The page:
We got a chance to shoot the new Springfield XDm 5.25 Competition series 9mm on Saturday. Legendary Team Springfield Armory shooter Rob Leatham and his wife, Kippi Leatham, a fellow Team Springfield shooter, invited people out to shoot the new XDm Competition series pistol at Rio Salado Sportsman’s Club.
The short review
It is an excellent gun for competition!
The longer review
The Springfield XDm 5.25 Competition is based on a wishlist Rob Leatham gave to Springfield Armory a few years ago. The 9mm XDm Competition series starts with the current XDm lower, complete with a match trigger and interchangable backstraps which allow you to adjust the grip size to fit your hand.
The upper part of the new XDm is where the real changes have been made. This pistol features a 5.25″ match grade barrel, extending the sight radius to 7 1/4″ for a more precise sight alignment, while reducing the recoil. The extended barrel and slide gives the pistol an 8.3″ overall length.
The extended slide features a lightening slot to keep the weight the same as the shorter, non-competition XDm at 29 ounces. The Springfield XDm 5.25 Competition also has a low profile adjustable rear site and a fiber optic front sight.
The gun is built to be legal for competition in USPSA and IDPA shooting. Production Division approval is expected after at least 2,000 guns are built (hopefully in the next month), in time for the USPSA Nationals.
Mr. Leatham brought out two stock XDm 5.25 Competition pistols, and one with a Springfield factory trigger job. While the trigger job resulted in a much lighter trigger pull, the stock triggers were fine and had a medium pull, a clean break, and a consistent reset. The pull and reset are excellent compared to other polymer guns (I’m spoiled by a nice 1911), and was a noticable improvement over the standard XD trigger.
Shooting the XDm 5.25 Competition
TGO (The Great One, Rob Leatham’s nickname) brought the ammo and let us shoot as many 19 round mags as we wanted to, with only one restriction. He doesn’t load magazines for anyone else. That seemed reasonable, so we stuck around to shoot the steel plates that made up the Springfield Challenge stage.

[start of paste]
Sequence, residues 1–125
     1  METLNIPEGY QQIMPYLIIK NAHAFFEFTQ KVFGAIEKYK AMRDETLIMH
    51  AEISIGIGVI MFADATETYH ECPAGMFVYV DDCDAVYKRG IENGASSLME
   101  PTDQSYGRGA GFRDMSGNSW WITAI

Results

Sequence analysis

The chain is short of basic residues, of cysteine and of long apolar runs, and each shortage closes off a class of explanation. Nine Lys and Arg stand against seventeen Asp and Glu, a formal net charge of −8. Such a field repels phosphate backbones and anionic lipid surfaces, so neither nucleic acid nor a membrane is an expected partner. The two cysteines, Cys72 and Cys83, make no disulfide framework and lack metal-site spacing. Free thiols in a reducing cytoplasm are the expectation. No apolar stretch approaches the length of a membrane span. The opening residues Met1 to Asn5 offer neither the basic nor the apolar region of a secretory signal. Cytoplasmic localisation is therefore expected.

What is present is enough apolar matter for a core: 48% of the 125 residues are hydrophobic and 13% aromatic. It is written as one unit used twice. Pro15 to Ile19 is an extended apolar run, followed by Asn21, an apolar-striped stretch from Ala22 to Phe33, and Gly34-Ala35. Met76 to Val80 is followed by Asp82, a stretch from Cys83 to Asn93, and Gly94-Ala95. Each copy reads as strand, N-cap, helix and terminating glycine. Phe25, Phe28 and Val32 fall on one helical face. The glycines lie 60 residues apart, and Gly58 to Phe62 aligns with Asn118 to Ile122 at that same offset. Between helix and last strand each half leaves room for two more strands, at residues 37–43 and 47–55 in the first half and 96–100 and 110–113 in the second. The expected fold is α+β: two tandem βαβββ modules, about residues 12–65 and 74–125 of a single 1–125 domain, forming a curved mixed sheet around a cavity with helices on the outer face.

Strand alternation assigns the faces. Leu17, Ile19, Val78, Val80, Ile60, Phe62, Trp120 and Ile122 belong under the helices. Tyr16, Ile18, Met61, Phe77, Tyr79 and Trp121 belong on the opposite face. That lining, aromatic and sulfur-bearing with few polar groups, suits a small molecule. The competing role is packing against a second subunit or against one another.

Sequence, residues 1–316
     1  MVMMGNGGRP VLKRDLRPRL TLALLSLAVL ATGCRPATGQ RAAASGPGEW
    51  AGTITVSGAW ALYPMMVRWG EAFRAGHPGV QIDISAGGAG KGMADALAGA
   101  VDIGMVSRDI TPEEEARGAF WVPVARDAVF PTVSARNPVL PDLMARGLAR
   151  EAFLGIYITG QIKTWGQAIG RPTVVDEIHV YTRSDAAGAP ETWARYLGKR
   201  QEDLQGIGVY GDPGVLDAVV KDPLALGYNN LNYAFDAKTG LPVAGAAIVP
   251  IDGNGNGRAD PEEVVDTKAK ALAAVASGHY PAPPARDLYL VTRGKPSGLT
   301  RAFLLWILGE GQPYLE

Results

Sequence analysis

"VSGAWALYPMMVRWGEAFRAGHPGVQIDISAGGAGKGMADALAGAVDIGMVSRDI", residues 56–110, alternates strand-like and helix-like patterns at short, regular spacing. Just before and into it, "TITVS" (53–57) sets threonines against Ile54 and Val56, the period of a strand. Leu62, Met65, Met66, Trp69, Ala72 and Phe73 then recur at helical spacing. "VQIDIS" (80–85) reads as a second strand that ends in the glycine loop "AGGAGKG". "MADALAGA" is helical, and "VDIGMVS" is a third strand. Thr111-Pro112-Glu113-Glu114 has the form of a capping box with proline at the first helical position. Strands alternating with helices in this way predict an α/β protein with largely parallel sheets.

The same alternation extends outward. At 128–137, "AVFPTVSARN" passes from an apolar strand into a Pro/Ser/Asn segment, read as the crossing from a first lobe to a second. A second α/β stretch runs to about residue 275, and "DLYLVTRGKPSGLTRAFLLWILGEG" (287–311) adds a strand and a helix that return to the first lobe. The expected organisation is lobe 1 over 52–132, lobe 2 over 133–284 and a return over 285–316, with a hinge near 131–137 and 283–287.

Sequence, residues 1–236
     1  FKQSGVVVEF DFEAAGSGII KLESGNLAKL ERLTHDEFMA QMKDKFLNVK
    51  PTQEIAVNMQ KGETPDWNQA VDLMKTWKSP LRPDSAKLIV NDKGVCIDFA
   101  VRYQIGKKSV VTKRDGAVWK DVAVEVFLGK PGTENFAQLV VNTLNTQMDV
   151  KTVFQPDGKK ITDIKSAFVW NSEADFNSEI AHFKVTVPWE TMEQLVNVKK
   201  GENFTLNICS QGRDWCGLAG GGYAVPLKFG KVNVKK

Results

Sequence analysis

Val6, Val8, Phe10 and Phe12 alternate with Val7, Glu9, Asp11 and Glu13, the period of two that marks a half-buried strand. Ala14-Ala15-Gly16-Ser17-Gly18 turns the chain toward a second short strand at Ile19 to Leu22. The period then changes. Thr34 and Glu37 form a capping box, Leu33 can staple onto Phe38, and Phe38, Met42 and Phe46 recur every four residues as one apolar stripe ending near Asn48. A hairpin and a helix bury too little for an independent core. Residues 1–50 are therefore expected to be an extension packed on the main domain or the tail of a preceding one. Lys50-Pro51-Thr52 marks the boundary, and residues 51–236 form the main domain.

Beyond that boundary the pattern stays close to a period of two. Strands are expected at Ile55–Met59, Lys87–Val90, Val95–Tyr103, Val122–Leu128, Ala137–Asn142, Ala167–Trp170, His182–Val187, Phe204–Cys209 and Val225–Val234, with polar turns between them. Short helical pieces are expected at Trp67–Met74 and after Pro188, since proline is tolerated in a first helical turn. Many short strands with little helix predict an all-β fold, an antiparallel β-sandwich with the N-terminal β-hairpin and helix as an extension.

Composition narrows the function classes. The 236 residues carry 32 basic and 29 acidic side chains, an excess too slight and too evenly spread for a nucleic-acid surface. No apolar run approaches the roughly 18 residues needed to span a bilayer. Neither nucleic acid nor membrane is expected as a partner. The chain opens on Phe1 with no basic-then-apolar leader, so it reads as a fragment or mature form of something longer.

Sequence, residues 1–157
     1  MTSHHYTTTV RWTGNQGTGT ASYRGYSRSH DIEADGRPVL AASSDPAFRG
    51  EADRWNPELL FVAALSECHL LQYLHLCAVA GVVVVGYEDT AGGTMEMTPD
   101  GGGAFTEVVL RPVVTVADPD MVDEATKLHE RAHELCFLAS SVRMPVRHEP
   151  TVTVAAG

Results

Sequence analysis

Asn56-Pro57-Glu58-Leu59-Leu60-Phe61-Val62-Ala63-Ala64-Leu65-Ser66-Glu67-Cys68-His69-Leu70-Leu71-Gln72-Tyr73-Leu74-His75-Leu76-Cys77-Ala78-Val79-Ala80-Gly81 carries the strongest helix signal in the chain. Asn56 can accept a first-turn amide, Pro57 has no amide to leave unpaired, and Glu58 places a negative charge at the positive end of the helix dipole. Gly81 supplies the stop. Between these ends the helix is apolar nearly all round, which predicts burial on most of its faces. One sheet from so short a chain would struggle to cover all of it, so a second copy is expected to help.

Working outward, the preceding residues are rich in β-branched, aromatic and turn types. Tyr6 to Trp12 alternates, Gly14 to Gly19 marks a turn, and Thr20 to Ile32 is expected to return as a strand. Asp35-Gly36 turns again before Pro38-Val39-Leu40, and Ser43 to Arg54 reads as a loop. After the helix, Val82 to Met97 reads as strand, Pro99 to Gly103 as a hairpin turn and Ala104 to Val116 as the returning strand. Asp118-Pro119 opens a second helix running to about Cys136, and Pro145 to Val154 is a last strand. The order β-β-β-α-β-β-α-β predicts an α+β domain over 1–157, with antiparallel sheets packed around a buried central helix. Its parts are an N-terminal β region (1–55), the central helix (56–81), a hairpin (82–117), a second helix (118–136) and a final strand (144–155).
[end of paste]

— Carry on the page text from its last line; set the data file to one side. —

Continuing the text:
The stage had steel plate targets, so while group measurements weren’t possible, the accuracy of the pistol was apparent. Shooting quickly at a 6″ swinging Hostage Target Head plate at about 10 yards demonstrated the improved recoil control and sight radius that make this a formidable pistol for competition.
Just in case there was any question on the new pistol’s accuracy, Rob Leatham’s Mother placed a dead center hit on each of the plates.
It is safe to say that I liked the Springfield XDm 5.25 Competition. The gun sights easily, the trigger is good, and the accuracy is great. In fact, I’ll be contacting Arizona Firearms and Pawn this week to order a two-tone XDm 5.25 Competition and see if they’ll accept a partial trade for an XD-9.
UPDATE: A distributor has relayed that the XDm 5.25 Competition in black has an MSRP of $799 and the bi-tone model has an MSRP of $869, with gun store prices around $100 lower.
UPDATE 9/17/2012: XDm Reliability report for my XDm 5.25 – I now have over 5,862 rounds through the gun without any mechanical failures. One failure to eject (FTE) occurred at around 3,410 rounds when using beatup reloads. A failure to feed happened after about 4,490 rounds due to a bulged case, and at 5,282 due to a short cartridge.
Tags: Guns, Shooting, USPSA